Digital Video Guidebook: Live Streaming

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When you have an event that you wish to broadcast for others to watch and hear, then what you want to do is to produce a live stream of that event.  To do this, you will need:

  1. A video camera of suitable quality and resolution for your needs (see below)
  2. A high quality microphone system [optional if your video camera has a built-in microphone and you are streaming a small event]
  3. A computer with the appropriate hardware to accept the video and audio feeds from your camera and optional microphone system
  4. Encoding / broadcasting software that works with your computer and your audio / video hardware.
  5. A means of making your broadcast accessible to your target audience.

Most any modern HD video camera with a Firewire output will work for a general purpose broadcast.  However, if you are wanting to broadcast an event of high importance then you may want to look into getting a professional quality camera, albeit they can cost well over $1000.  Be aware that in most cases, a cheaper camera with only a USB output will not be able to support a live broadcast - check your camera's documentation as well as your encoding software's documentation to determine if the two will work together for live broadcasts.

We currently know of two software packages that work well for live broadcasts, though there are likely others that will also work with our rebroadcasting system

* Wirecast - More Information

A commercial product that can broadcast an RTMP stream and provides some common commercial broadcast functions such as use of on-screen graphics, transitions, etc.  Estimated cost is about $450 per license.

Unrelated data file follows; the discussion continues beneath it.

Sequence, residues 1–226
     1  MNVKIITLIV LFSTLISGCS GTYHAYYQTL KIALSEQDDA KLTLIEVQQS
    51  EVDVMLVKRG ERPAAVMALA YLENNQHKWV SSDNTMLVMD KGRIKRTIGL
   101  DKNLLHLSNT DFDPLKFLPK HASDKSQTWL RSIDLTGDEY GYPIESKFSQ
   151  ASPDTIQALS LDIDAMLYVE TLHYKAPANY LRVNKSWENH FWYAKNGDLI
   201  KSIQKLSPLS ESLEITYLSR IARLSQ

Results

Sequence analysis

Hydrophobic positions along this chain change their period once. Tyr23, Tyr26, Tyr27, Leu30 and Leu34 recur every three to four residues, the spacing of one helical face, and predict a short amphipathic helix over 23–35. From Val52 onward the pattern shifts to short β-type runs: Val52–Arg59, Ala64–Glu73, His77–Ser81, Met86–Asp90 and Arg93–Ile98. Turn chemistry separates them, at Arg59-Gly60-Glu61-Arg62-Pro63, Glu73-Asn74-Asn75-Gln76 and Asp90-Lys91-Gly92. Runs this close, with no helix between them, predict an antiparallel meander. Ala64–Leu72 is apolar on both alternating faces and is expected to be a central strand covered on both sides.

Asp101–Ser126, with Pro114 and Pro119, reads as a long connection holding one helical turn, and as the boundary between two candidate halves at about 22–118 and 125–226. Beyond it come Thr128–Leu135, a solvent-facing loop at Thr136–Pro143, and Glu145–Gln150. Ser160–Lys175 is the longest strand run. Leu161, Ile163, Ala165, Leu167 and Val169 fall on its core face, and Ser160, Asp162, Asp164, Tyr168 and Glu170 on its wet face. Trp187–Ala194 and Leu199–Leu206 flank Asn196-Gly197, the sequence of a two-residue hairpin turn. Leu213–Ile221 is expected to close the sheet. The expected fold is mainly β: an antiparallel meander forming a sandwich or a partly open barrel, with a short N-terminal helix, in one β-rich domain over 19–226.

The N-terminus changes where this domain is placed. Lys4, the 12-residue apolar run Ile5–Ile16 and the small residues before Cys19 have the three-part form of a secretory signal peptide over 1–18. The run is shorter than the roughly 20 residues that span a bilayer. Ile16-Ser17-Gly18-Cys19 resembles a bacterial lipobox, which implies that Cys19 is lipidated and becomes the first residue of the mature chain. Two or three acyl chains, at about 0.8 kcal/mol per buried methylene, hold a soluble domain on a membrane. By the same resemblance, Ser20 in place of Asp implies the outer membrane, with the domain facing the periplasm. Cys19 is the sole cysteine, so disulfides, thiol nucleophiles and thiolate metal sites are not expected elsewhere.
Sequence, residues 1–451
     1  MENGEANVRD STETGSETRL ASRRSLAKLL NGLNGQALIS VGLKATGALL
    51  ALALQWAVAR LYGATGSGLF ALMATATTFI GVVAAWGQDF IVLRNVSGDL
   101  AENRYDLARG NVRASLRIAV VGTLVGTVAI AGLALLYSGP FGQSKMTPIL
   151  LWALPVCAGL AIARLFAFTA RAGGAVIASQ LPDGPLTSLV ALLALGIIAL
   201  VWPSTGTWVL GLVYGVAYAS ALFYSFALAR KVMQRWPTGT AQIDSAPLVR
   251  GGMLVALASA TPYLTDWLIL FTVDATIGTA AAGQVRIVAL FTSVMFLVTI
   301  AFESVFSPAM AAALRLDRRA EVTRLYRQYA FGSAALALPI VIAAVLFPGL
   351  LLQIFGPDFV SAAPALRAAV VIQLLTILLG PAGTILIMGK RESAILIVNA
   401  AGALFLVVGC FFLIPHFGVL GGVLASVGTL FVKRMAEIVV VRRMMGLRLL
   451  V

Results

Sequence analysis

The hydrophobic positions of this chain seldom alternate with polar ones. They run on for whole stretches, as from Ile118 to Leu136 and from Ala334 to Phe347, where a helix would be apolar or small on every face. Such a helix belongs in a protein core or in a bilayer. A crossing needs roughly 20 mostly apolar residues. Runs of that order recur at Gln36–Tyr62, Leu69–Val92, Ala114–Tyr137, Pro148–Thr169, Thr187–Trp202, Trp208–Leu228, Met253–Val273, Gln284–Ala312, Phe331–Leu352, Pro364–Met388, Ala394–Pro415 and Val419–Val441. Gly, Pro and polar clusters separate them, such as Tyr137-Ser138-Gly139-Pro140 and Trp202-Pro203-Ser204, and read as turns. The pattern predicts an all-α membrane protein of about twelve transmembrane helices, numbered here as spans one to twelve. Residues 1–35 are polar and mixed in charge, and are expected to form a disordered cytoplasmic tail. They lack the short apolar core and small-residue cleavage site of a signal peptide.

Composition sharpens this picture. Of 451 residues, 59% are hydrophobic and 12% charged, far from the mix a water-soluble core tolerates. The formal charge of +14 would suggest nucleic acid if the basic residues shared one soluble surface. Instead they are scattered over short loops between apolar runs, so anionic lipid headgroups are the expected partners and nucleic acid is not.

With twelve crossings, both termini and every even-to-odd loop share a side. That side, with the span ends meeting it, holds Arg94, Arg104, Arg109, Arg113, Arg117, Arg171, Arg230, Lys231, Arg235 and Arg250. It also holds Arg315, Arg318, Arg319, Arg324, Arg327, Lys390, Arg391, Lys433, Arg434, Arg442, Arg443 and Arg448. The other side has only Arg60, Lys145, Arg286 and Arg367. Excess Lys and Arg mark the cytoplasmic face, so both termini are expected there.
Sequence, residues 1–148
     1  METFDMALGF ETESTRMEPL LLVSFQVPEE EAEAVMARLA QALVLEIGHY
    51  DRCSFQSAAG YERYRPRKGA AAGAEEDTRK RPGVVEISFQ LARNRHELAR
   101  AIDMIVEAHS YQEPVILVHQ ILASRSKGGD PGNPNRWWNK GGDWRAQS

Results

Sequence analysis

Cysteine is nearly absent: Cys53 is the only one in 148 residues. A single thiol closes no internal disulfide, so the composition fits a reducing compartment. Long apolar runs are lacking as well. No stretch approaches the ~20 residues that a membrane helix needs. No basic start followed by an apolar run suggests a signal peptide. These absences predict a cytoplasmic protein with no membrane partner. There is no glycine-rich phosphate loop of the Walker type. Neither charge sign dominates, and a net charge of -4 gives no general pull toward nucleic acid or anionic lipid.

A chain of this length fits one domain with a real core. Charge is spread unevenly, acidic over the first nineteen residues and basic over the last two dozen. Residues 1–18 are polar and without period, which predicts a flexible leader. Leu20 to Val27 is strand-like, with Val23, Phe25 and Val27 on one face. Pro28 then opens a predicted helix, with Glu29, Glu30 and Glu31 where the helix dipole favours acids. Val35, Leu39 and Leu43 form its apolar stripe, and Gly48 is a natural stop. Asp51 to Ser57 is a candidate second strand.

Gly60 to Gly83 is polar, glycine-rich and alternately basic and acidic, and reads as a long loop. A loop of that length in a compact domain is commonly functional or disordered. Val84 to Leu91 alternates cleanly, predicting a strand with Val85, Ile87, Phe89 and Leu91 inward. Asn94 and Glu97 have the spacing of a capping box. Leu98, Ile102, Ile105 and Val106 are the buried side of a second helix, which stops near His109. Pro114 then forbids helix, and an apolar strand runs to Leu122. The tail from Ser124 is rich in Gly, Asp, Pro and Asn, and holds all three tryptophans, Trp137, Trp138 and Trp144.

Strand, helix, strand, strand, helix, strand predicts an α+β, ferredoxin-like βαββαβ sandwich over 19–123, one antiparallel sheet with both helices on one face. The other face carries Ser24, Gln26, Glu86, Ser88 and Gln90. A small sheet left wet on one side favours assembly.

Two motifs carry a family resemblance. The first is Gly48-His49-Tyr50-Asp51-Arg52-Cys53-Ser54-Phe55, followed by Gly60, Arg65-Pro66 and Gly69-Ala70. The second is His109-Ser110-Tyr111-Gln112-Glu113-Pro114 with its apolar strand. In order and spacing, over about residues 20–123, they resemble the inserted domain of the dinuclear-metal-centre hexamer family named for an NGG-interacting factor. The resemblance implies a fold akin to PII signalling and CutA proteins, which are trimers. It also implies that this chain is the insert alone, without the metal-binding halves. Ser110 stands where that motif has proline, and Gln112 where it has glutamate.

* Quicktime Broadcaster - More Information

A free product of Apple, Inc. that only runs on Mac OS X and broadcasts in RTSP format.  It does not have many bells and whistles, but does work with our rebroadcasting system and is a good option if money is tight.

For Wirecast, you'll need to configure your broadcast settings to work with our rebroadcasting system.  These can be found on the Broadcast menu, via the Broadcast settings... menu option.

  • Encoder Preset: {Pick one of the Flash 16:9 options, keeping in mind that larger resolutions use more bandwidth and are subject to looking 'jumpy' or 'jerky' when a viewer has a slow connection.  Flash 480p 16:9 (854x480) is a good starting point}
  • Destination: RTMP Flash Server
  • Address: {Enter the URL for the rebroadcasting server you are using}
  • Stream: {Enter a short name for your stream, using no spaces or non-alphanumeric characters}
  • User Agent: Wirecast/FM 1.0
  • Set Credentials... {Select this button and then enter the username and password provided to you by the administrator of your rebroadcasting server}

Note that you can actually create multiple broadcast profiles here, should you decide to broadcast through different rebroadcasting servers for different events.

For QuickTime Broadcaster, the configuration is done on the Network tab and looks like this:

  • Transmission: Automatic Unicast (Announce)
  • Host Name: {Enter the URL for the rebroadcasting server you are using}
  • File: qtlive/[YOUR_STREAM_NAME].sdp {For OIT rebroadcasting.  Replace [YOUR_STREAM_NAME] with a short name for the stream using no spaces or non-alphanumeric characters}
  • Username: Enter the username provided by the administrator of your rebroadcasting server.
  • Password: Enter the password provided by the administrator of your rebroadcasting server.
  • Buffer Delay: {Leave Blank}
  • Broadcast over TCP {Leave Unchecked}

The fields under Annotations are all optional.

Once you have your broadcast configuration setup, you should be ready to begin a test broadcast.  Select the Broadcast button in your broadcasting software and watch to see if you get any error messages.  If not, then use an appropriate media player to connect to your rebroadcasting host and check to see if you can view (and hear) your stream.

The default audio and video options in either broadcasting software package will probably be sufficient, but you may still want to look over them to see if you might want to fine tune any of the settings.  Consult the documentation with your package to learn more about these settings and any controls that you can use during a broadcast.

OIT provides rebroadcasting services for academic departments and purposes via a Wowza Streaming Server.   For more information and to gain access to this service, please contact the OIT Digital Media Initiatives group.

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